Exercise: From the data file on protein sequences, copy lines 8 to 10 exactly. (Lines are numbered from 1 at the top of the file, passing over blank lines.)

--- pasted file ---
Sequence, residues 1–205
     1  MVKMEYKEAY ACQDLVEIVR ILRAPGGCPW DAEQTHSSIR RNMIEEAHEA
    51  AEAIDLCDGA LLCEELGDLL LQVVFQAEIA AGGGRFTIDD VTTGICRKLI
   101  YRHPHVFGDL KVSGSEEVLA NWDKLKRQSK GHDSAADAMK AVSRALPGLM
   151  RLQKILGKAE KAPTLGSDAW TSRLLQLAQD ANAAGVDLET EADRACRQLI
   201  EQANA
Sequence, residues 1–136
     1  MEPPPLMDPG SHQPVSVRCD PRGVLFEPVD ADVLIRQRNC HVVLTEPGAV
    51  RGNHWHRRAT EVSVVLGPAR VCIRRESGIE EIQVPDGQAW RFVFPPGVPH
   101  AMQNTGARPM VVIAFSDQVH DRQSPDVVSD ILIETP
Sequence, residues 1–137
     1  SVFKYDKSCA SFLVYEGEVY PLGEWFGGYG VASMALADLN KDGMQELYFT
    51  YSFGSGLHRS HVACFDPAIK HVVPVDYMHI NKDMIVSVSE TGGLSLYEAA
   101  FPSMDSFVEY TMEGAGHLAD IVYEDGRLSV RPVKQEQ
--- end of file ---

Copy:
     1  MEPPPLMDPG SHQPVSVRCD PRGVLFEPVD ADVLIRQRNC HVVLTEPGAV
    51  RGNHWHRRAT EVSVVLGPAR VCIRRESGIE EIQVPDGQAW RFVFPPGVPH
   101  AMQNTGARPM VVIAFSDQVH DRQSPDVVSD ILIETP